Turkish army expands deployment in Syria
ANKARA / HATAY
The Turkish military has been expanding its deployment in northwest Syria with the goal of encircling militants of the People’s Protection Units (YPG) in Idlib province, as part of a deal to reduce clashes.
Turkey is building a barrier against the YPG’s ambition to unite its forces in the isolated Afrin region, north of Idlib, with the rest of its positions in Jendaris in the Barakat Mountains.
The military has deployed tanks and Stinger missiles, backed by receptors and a hi-tech computer system, in Idlib. Armed drones are also reportedly conducting surveillance flights.
A convoy of Turkish troops entered Syria near the Bab al-Hawa border crossing on Oct. 12. It was the first such deployment since last year, when Ankara launched a major ground and air offensive to clear YPG and Islamic State of Iraq and the Levant (ISIL) militants from its last stretch of border with Turkey.
At least four convoys carrying scores of armored vehicles and equipment have been stationed in several locations in the first phase of a deployment that is expected to deepen inside rebel-held Idlib, opposition sources said.
“Nearly 200 troops are now stationed in areas that separate territory under control of Kurdish groups and opposition groups,” said Ibrahim al-Idlibi, a military adviser in the opposition’s Free Syrian Army (FSA), which is backed by Turkey.
Witnesses said Turkish bulldozers were working around the clock, digging fortifications and setting up observation posts.
A new deployment of Turkish armored vehicles and personnel arrived along the Syrian border on Oct. 14, positioned on the Turkish side, witnesses said.
“Turkish forces are still in a state of advancing and expanding,” said Mustafa al Sejari, an FSA official.
Turkey says its operations there, along with the FSA, is part of a deal it reached last month with Russia and Iran in Kazakhstan to reduce fighting between insurgents and the Syrian government.
Parliament Spokesperson İsmail Kahraman said on Oct. 14 that Ankara and Moscow are working in “close coordination” on Syria.
“Multifaceted cooperation with Russia is one of the key elements of our foreign policy. We are in close coordination on Syria as well,”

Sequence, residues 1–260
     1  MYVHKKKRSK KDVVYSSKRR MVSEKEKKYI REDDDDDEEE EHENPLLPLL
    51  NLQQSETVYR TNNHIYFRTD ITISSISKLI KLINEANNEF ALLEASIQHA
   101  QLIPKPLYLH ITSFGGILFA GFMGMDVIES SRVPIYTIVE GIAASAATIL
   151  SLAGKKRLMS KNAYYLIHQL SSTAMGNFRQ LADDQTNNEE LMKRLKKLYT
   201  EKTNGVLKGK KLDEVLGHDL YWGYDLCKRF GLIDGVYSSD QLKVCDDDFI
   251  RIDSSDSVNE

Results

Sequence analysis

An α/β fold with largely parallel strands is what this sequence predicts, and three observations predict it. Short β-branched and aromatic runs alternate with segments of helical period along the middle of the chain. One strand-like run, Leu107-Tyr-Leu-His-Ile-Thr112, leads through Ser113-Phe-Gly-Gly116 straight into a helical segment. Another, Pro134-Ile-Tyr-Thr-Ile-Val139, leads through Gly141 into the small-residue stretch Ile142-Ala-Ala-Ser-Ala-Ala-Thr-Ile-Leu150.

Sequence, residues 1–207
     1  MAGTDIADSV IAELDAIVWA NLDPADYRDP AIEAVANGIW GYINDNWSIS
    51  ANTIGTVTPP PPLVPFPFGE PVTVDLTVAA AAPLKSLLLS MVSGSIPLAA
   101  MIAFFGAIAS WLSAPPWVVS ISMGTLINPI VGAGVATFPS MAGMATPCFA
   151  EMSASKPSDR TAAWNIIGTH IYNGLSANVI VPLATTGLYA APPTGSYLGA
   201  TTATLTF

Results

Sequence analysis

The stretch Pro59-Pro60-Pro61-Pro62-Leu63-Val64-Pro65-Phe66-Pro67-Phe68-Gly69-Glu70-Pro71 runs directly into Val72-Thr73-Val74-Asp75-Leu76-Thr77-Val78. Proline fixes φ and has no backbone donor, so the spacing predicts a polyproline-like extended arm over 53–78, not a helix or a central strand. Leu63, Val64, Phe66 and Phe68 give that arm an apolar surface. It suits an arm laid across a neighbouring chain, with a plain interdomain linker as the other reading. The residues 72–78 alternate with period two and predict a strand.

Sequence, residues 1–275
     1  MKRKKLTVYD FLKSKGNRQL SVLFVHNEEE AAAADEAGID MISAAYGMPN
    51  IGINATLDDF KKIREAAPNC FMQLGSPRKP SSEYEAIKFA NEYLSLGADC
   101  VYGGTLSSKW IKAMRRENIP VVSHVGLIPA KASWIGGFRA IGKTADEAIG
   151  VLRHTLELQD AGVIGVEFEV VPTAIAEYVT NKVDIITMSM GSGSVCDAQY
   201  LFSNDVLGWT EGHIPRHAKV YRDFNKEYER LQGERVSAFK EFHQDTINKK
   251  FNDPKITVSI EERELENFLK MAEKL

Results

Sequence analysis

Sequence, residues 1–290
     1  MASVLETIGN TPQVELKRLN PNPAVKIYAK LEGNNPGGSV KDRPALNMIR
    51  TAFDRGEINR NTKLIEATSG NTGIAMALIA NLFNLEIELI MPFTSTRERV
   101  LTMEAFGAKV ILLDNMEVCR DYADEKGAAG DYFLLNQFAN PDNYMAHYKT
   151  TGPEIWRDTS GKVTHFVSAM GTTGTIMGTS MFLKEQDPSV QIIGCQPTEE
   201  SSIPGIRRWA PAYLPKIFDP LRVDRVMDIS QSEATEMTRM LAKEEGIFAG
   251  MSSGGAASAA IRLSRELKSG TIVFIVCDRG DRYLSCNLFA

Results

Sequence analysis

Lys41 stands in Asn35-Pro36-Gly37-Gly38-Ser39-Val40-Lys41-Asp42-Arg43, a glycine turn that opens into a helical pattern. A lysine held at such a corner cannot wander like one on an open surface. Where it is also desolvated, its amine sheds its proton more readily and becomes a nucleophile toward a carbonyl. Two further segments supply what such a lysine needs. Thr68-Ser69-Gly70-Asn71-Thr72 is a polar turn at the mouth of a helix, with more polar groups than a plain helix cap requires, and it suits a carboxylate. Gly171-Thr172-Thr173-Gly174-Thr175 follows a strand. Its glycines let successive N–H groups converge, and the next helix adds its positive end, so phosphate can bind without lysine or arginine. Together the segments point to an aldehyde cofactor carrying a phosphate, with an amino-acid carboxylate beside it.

Kahraman told a news conference in St. Petersburg after a meeting with his Russian counterpart Vyaceslav Volodin.
Syria on Oct. 14 denounced the Turkish move, saying it was a flagrant violation of its sovereignty and demanding that Ankara pull out its troops.
FSA rebel groups said the goal of the campaign was to push deeper into the province, with the expansion of supply lines and observation posts. The jihadists would be retreating further south in a phased withdrawal.
“The Turks will be taking up positions 40 km deep inside Idlib as agreed,” Idlibi said.
The goal is ultimately to create a contiguous stretch that goes from Bab al-Hawa all the way to Jarablus city, west of Euphrates River and as far south as the city of al-Bab, widening a pocket of the northern border under the control of Turkey-backed rebels.
Many residents in the towns of Idlib province, where more than 2 million people live, have welcomed the arrival of Turkish troops, Reuters reported.
They are seen as a bulwark against heavy Russian and Syrian army bombardment to crush the rebel province that would cause massive devastation and high civilian casualties.
“The Turks presented the factions of the FSA the military and logistical support so that Idlib escapes the fate of Deir Zor or Raqqa,” said Colonel Abdul Jabar Akaidi, a commander in the FSA in the north.
Heavily-populated Idlib has been the target of hundreds of strikes by the Russia and Syrian air forces in the past year that has killed hundreds of civilians and destroyed hospitals and civil defense centers.
Six months of relative peace under a Turkish-Russian understanding that gave a temporary reprieve to thousands of people was shattered when Russia resumed an intensive bombing campaign last month when jihadists launched an offensive against Syrian army positions.